Strike 1919: A City Divided/La Greve De 1919: Ville Divisee.
This year Canadians and Winnipeggers have been immersed in literature and events focussed on the Winnipeg General Strike, especially those who live and work in the community where the strike took place. It resonates now, perhaps as much today as in those turbulent times when the city ground to a halt and society was cleaved into two camps.
The 100th anniversary of the Winnipeg General Strike has generated a wave of public interest, prompted by academic conferences, concerts, exhibits, public art installations, walking tours, and popular and academic publications. Adding to this impressive body of work is the Manitoba Museum's current exhibit, "Strike 1919: A City Divided."
The popular Urban Gallery in the Manitoba Museum, which originally depicted Winnipeg in the 1920s, has been transformed to the year 1919. Since the "Strike 1919" exhibit opening in late March, visitors to the gallery now find themselves situated in the epicentre of a city divided, and can follow the chronological development of events. As well as featuring large digital projections of strike scenes, authentic artifacts from the period and event, archival interviews gathered from strike participants in the 1970s, the museum exhibit includes two audio scenarios featuring "conversations" between two Winnipeggers. The exhibit poses the question, "At the heart of the strike that shut down the city, who was in control?" Was it the strikers? The government? Or business interests? For six weeks in May and June of 1919, that open question lingered in the air. The answer became abundantly clear in the violent confrontation that followed on June 21st, 'bloody Saturday': a confrontation sanctioned by traditional authorities. As the labour leaders were arrested, as two strikers were killed and many others injured, and as military patrols were retained on city streets, the strike was broken.
A successful museum exhibit incorporates a variety of interpretive techniques to convey the historic narrative to a broad, diverse audience. This exhibit is spatially restrained by the ongoing adaptation of the existing Urban Gallery. This spatial limitation meant the exhibit curator team, headed by Roland Sawatzky, had some tough choices in messaging themes conveyed in the exhibit. For example, while the exhibit is light on content that conveys the socio-economic grievances leading up to the strike events, familiar large images of the events on Main Street those June days are projected on city walls, drawing the viewer into the scenes through the emotions and gestures of strike participants.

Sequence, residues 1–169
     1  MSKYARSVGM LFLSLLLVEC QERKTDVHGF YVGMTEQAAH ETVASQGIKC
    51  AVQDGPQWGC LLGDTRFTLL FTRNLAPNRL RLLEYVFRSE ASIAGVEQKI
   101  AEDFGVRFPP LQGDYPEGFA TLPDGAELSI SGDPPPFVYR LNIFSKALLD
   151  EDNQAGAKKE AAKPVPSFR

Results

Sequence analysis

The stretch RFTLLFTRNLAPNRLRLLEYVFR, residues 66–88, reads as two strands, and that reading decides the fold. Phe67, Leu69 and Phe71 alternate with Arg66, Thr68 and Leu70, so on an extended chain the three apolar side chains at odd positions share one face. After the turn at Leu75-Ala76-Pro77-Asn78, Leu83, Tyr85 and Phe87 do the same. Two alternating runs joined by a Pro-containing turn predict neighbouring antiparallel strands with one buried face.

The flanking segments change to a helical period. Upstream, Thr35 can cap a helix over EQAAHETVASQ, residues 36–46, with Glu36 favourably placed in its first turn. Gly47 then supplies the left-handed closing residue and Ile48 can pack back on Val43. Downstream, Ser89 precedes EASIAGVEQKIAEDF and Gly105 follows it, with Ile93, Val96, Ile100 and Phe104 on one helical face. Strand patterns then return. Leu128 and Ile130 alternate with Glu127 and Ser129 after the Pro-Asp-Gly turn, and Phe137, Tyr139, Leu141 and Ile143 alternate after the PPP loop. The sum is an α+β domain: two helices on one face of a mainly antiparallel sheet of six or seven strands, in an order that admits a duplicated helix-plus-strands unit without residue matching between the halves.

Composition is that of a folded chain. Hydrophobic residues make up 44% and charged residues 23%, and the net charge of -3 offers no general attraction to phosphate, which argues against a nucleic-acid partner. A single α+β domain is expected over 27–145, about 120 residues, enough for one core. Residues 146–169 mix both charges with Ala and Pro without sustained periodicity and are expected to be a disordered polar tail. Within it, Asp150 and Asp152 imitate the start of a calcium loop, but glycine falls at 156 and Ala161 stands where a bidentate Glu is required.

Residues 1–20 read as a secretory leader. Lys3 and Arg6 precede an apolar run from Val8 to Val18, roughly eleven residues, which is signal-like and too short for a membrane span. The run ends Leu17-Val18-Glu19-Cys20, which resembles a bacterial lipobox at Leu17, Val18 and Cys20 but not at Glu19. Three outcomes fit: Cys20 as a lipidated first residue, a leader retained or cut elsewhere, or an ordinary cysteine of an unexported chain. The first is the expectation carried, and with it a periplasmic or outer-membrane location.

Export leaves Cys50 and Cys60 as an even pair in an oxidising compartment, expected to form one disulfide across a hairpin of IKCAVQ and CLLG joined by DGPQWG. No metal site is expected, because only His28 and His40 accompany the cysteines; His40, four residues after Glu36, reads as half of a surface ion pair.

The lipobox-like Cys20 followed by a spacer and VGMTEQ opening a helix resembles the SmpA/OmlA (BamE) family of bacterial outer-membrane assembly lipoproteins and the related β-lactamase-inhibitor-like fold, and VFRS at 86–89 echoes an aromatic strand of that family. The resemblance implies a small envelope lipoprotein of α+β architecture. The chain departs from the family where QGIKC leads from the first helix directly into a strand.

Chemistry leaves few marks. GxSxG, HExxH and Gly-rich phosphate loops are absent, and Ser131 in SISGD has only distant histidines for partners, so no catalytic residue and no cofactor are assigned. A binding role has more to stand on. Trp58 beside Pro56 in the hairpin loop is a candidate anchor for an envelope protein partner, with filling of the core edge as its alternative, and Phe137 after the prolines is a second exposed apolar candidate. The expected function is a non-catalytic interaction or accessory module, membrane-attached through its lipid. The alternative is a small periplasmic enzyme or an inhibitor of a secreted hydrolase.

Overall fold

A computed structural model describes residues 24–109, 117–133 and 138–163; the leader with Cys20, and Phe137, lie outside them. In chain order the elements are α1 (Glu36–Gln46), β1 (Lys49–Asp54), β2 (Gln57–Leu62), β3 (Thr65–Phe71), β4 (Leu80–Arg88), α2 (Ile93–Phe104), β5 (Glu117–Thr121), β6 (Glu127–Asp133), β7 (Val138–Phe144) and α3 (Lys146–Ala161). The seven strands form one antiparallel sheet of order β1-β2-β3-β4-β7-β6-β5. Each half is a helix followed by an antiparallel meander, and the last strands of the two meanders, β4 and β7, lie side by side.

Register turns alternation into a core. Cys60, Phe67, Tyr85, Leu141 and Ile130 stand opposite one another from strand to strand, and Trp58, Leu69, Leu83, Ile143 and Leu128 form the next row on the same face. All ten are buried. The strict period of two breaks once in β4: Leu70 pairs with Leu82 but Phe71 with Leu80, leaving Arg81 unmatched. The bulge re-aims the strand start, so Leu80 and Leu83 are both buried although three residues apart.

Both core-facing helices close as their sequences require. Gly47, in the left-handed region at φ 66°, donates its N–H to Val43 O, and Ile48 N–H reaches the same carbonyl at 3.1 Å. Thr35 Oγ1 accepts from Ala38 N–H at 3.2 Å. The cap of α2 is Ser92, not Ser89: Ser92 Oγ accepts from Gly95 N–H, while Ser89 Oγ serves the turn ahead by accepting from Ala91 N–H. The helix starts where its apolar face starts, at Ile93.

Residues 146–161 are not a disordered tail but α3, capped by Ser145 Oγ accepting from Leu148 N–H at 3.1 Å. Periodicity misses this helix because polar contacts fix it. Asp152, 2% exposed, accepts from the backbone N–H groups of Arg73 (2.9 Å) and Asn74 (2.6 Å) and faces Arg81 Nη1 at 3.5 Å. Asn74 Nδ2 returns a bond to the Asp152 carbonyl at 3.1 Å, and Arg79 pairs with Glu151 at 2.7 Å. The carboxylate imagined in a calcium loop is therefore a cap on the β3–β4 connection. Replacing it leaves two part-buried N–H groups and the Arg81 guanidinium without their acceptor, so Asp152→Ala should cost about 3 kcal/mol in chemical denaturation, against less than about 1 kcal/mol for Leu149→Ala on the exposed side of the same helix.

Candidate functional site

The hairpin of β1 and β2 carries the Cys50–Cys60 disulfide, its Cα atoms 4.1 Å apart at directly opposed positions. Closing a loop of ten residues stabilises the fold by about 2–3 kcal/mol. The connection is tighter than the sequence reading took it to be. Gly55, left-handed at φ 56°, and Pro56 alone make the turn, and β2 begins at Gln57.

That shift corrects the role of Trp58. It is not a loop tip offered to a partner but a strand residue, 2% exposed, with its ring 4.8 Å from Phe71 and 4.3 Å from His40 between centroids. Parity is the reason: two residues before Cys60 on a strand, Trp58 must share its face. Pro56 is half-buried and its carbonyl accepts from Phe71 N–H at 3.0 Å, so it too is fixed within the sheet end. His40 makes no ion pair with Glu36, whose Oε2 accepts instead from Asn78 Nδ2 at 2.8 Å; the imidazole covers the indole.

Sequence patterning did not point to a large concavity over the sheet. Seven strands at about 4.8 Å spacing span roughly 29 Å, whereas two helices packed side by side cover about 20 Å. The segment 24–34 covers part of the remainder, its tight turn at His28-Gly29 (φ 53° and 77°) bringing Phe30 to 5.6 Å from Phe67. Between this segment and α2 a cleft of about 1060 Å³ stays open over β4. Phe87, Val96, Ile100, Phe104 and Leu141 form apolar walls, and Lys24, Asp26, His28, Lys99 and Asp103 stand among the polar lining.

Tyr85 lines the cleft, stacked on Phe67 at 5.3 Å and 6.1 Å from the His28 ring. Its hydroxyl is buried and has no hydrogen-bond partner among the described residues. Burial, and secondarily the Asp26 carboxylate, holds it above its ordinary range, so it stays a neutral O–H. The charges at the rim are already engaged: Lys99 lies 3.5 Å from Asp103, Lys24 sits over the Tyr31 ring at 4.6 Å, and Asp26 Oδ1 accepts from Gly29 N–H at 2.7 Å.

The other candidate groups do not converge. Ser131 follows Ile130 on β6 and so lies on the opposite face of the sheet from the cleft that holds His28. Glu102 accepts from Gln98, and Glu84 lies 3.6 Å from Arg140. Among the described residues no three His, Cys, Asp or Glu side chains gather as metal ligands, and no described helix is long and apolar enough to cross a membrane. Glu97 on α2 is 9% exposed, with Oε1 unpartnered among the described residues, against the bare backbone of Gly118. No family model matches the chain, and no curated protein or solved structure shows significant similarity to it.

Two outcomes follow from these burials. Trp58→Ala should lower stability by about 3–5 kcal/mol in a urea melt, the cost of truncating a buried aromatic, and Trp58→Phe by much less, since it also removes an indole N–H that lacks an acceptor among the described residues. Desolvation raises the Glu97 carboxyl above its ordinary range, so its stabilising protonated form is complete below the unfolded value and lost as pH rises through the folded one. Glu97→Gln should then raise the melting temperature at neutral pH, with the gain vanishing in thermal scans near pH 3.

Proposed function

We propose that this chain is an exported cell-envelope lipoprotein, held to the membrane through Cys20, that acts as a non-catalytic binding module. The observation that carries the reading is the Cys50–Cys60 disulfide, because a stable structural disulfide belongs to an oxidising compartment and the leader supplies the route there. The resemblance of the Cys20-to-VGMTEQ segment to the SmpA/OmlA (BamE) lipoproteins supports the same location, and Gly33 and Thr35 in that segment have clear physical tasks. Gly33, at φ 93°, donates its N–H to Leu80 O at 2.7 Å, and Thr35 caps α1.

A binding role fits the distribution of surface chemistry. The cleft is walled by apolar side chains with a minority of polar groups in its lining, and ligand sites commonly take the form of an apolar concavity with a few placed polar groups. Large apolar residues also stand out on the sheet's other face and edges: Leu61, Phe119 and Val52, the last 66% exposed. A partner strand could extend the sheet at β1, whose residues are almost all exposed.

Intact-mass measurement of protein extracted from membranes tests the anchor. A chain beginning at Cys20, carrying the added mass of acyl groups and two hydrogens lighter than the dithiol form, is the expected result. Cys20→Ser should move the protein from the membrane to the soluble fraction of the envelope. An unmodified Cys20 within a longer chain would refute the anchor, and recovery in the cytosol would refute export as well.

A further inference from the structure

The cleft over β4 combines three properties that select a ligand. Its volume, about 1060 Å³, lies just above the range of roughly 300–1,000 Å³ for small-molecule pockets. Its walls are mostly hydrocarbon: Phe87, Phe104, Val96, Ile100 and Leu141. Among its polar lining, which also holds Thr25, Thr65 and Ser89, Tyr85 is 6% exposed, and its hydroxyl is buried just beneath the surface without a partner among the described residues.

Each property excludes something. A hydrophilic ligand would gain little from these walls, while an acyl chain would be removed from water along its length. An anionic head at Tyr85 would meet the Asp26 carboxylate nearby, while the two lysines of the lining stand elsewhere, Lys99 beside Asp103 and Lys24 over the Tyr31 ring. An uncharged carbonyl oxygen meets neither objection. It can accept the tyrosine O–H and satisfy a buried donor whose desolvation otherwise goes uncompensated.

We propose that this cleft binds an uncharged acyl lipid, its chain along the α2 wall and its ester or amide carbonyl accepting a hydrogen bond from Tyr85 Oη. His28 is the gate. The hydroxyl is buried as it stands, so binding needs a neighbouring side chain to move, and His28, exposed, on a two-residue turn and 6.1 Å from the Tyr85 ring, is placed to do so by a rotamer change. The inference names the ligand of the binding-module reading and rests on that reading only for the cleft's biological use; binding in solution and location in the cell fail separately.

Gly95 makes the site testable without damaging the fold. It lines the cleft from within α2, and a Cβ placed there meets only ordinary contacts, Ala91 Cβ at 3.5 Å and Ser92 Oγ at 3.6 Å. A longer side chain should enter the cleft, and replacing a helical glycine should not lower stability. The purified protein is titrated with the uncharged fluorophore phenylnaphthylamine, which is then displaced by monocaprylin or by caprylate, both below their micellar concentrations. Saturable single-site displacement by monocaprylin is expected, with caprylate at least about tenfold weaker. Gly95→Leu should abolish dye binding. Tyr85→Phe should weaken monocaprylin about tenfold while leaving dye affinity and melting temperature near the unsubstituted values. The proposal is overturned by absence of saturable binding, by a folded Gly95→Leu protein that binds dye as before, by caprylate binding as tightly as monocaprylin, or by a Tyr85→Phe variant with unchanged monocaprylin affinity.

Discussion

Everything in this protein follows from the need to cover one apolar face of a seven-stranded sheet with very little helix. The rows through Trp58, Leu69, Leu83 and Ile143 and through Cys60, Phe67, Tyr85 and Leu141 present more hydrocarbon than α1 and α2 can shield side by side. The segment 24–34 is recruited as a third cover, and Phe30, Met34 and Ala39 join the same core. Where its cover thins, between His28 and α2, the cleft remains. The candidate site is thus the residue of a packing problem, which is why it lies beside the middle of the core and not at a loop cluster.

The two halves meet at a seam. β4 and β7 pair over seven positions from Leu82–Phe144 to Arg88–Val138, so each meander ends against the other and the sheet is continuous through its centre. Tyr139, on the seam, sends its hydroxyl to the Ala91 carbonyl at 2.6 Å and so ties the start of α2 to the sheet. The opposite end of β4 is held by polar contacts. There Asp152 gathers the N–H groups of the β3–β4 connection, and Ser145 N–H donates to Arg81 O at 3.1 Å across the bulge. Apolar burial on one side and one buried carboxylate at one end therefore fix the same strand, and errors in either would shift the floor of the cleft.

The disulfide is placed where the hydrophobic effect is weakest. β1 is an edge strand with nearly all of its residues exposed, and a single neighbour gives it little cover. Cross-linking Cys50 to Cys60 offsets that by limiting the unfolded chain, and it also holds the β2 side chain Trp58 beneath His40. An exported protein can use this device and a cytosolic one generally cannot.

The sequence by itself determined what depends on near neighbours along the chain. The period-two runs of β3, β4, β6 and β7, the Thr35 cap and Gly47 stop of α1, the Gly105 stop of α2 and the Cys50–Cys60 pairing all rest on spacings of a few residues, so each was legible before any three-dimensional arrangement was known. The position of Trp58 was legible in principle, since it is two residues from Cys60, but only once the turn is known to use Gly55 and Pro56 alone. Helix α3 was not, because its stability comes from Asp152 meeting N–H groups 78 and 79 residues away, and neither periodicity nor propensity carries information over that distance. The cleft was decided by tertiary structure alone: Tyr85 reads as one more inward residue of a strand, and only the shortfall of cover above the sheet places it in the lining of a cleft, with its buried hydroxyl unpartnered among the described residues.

Engaging and creative exhibits should also integrate three-dimensional materials in a provocative and meaningful way to enhance the narrative. Here we have period signage such as "Permitted by Authority of Strike Committee" and "Down with Bolshevism." Equally impressive is the contrast between the menacing weapons used by the authorities--such as the clubs, guns and a mounted 'Lewis' machine gun developed in the war (ultimately not used)--and the bricks and stones available to the strikers.
In order to examine contrasting points of view on the strike's causes and events, the exhibit also features two vignettes of audible dialogue between lifelike, costumed mannequins. One is set in a wealthy family's parlour, where visitors can listen in on a conversation about the strike between a domestic servant and her matronly employer. While this exchange is interesting for revealing the nature of economic disparity of the era from particular points of view, it is not as evocative as the second vignette, which depicts two young men discussing the strike through the thin walls of their boarding house. Both unemployed, the young men express contrasting experiences and positions on the eve of Bloody Saturday. The war veteran, newly returned from the First World War, expresses allegiance with the Committee of 1000, the citizen body organized in opposition to the strikers. The second, an immigrant ("alien") who was not allowed to fight, expresses sympathy and even solidarity with the strikers' cause. Both vignettes bring the issues to an accessible level.
Also evocative is the large-scale image of Winnipeg's old 'gingerbread' City Hall, where the precise words of the pivotal Riot Act, voiced by Mayor Gray, scroll the wall. Accented with a sign that captures the essence of the fear of the established order--"Down with Bolshevism"--it reminds us how controversial the Russian Revolution was in the immediate post-war period of global unrest.
As the visitor proceeds through the exhibit, vivid strike images scroll across a wall every five seconds, tracing the chronological evolution of the strike. Another blank space is dedicated to the Pathe newsreel: live footage of the strike that was shown around the world in movie theatres. This gives a glimpse of how outsiders may have been swayed to view the strike from the fearful position of the established authority.
For those curious about the fate of the strike leaders, a blank wall on the second floor of the exhibit projects details of those individuals arrested for "treason." Their prison terms served, many carried on to become elected politicians and community leaders who eventually participated in shaping the progressive social ideology for which they had struck. Fittingly, "Strike 1919: A City Divided" was sponsored in part by the Manitoba Government and General Employees' Union, along with provincial and federal support. The exhibit runs until 5 January 2020.
Sheila Grover and Greg Thomas
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|Author:||Grover, Sheila; Thomas, Greg|
|Date:||Sep 22, 2019|
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